Well, I guess Better Things addressed that whole closure thing from last week, didn’t it?
To be clear, Sam isn’t considering getting back together with Xander, but she is still leaving room—scratch that, a whole garage—for him in her and the kids’ lives. As the end of her spousal support of her ex draws near, you’d expect Sam to be elated, and she is. But though it takes her some time to remember it, she’s not the type to actually leave someone in a lurch. Even if it’s someone who has never taken more than a passing interest in their kids, who left Sam a single mother well before they got separated.
There’s an important distinction in “Arnold Hall,” though—it’s not really Xander she’s helping but Max, Frankie, and Duke. She almost certainly pities Xander, but Sam’s no mere pushover. She is very put-upon, but she doesn’t think for one moment that continuing to support her ex financially will have any positive effect beyond keeping him alive and intermittently involved. And the truth is, despite the impressive case the eponymous Arnold Hall (Rade Serbedzija) makes for his pathetic son, Sam’s probably always known that she would have to look after him like she does everyone else. It’s a frustrating realization, not least of which because it comes after that amazing one-woman chorus of no’s from last week. But Pamela Adlon takes us through that decision in an alternately soul-crushing and lively episode. She even manages to build a little suspense before ending with Sam’s latest resignation.
The first time Sam opens the garage door this episode, it’s after her co-star warns her that even after the alimony dries up, your ex never really goes away. Her dark eyes survey the stacked boxes and containers, the bikes and bar stools. It’s an unassuming yet clever set piece—it offers tangible proof of how full her life already is, and suggests there’s no way she could possibly accommodate anything or anyone else. It’s a physical manifestation of Sam’s many responsibilities; we don’t see the labels on those containers, for example, but they could very well read “dinner prep,” “Duke’s lunch,” “see Phil at the hospital,” etc., etc. The amount of care Sam gives her kids basically makes her a stay-at-home mom, but she’s also a full-time working actor, great friend, and a pretty good daughter.
Adlon works just as efficiently behind the scenes as she does in character, making excellent use of visual metaphors and various Los Angeles landmarks (I’m not from LA, but my guess is she was in the Philharmonic’s rehearsal space/concert hall). Here she uses clutter to represent Sam’s priorities, and a literal extension of her home to symbolize her continued support of Xander, as well as the boundaries (we finally have some!) she’s trying to set. But, as ever, her performance is the biggest draw. The way Sam endures abuse is demonstrated throughout, from Arnold’s gross insistence that she keep looking after his family (while throwing up his own hands about Xander’s well-being) to Frankie’s onslaught at Push’s bar mitzvah. She weathers it all, but Adlon’s expression always captures the toll these acts take on her. The too-nice woman is back, but maybe not for long.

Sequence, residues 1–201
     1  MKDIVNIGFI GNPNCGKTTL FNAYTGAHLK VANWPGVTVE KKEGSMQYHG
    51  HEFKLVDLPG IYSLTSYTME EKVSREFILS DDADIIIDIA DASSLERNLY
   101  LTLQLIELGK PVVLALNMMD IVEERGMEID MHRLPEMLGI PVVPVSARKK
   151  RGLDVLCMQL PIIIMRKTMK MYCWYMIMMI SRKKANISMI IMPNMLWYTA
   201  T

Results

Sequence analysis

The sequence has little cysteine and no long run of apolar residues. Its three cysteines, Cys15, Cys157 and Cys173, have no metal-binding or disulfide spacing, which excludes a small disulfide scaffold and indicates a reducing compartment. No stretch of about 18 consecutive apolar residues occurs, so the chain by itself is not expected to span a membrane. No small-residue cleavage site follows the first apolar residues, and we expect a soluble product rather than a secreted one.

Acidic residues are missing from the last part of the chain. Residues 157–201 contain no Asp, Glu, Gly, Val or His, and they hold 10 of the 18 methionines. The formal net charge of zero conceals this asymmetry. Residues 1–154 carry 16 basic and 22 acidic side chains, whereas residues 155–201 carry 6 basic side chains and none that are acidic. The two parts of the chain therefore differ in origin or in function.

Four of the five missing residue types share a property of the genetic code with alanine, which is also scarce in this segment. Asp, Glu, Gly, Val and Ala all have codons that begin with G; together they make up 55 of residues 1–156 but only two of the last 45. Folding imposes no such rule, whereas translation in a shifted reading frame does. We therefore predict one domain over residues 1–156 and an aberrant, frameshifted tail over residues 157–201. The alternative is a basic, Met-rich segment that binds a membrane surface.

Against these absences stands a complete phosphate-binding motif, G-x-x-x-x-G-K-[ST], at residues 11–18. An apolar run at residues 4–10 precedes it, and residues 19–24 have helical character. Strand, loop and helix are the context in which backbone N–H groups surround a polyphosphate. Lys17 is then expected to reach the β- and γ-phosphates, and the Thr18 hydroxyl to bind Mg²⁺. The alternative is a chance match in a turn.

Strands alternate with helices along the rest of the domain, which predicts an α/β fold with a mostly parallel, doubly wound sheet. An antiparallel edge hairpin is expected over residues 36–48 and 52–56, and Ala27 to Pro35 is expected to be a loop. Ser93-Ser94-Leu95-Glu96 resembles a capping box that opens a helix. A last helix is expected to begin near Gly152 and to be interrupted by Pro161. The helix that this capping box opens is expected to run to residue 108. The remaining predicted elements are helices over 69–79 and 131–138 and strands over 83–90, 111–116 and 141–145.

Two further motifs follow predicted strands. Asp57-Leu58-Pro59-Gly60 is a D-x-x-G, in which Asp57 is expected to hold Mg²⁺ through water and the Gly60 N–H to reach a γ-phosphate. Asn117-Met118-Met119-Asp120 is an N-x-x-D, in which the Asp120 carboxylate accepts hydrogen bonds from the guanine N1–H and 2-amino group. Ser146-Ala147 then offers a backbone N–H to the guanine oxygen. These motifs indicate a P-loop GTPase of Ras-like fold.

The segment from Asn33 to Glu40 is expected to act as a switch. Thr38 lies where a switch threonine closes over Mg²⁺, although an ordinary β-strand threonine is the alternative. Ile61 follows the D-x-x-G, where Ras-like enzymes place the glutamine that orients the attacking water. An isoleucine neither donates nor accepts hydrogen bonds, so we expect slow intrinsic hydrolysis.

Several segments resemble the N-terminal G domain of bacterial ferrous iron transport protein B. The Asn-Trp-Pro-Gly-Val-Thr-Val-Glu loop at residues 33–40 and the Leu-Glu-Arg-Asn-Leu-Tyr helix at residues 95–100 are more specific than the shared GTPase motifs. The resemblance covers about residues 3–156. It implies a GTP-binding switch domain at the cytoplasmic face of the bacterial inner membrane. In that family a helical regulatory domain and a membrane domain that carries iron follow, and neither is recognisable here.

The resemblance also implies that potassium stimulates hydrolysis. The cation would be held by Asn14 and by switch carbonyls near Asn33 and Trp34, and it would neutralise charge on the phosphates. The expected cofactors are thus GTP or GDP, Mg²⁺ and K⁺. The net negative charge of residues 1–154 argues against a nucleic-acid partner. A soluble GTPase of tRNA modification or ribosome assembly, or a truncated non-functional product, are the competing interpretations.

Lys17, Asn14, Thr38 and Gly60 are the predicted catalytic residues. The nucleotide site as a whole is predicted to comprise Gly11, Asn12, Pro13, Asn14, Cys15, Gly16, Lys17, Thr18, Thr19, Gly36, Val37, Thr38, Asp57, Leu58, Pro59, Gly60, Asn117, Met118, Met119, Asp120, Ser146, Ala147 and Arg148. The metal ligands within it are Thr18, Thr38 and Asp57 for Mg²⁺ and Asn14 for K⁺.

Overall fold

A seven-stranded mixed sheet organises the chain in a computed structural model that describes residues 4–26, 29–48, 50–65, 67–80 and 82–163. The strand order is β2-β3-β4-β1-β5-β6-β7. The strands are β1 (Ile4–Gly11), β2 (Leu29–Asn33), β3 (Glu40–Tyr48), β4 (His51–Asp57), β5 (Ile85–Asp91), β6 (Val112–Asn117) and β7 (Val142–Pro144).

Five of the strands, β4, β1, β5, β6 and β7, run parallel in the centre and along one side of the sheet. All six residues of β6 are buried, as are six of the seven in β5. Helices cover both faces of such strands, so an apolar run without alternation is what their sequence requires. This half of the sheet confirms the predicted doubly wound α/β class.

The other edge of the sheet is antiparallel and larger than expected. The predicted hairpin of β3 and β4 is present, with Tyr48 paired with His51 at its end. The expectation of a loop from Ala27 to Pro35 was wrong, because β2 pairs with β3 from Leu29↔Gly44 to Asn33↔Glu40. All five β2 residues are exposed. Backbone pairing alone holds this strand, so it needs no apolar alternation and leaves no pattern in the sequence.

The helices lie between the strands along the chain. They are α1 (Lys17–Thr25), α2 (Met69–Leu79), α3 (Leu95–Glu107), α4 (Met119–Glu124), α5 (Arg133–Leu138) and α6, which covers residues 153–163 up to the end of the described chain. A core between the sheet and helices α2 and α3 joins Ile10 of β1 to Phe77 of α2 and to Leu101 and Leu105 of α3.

The flip side of “Arnold Hall” is all about rites of passage, with a nod to chosen families. Push’s bar mitzvah is as much about his move into adolescence/adulthood as it is Frankie’s. As Sam notes, they’re the same age, which might be why Sam (and the viewer) is forced to sit through that barrage of insults. Frankie seems the most attached to Xander, so I did briefly think that her nasty comments to Sam were somehow brought on by overhearing or catching on to her mother’s resentment. But maybe, and this is just a theory, teenagers are just awful? And now that Frankie is one, she’ll behave even more abominably toward Sam?
Sam is very much the heart of this show, so it’s painful to watch her get dumped on so much in one episode. I know, that happens in virtually every episode, but Frankie’s attacks appear to come out of nowhere. What’s interesting is that when Sam does retaliate, it’s in immature ways, like dumping cake and water on her daughter. She’s never been above such things before, but she relies solely on these juvenile stunts in response to Frankie’s cutting remarks about the passage of time.
But as the dust settles, we realize how Sam could take this (mostly) in stride. It’s because she’s been through it before, with Max. Sam has a different set of issues with her eldest now, but she’s familiar with teenage barbs (she probably dealt plenty of them to Phil in her youth). So when she takes another look at that cluttered garage, it’s with renewed vigor. More than anyone else, Sam has got this.
- Whoever played Sunny’s sister bears a striking resemblance to Alysia Reiner, so good job, casting department.
- Sam’s exasperated “Yes!” in response to Arnold’s suggestion that Xander would take his own life instead of trying to take care of himself pairs nicely with “Blackout’s” no’s. And it stays true to the way Sam responds to being backed into a corner in “Rising,” when she snaps at Fedora Fella.
- The bar mitzvah speech made me wonder whether Frankie will also get this rite of passage treatment.
- I want Sam’s sequined jacket and Frankie’s velvet/velour Oxfords, please and thank you.
- Should we take Phil’s continued absence as a good sign? There was no narrative reason for her to appear this episode, but it’s still a little disconcerting to not get an update on her after the hospitalization.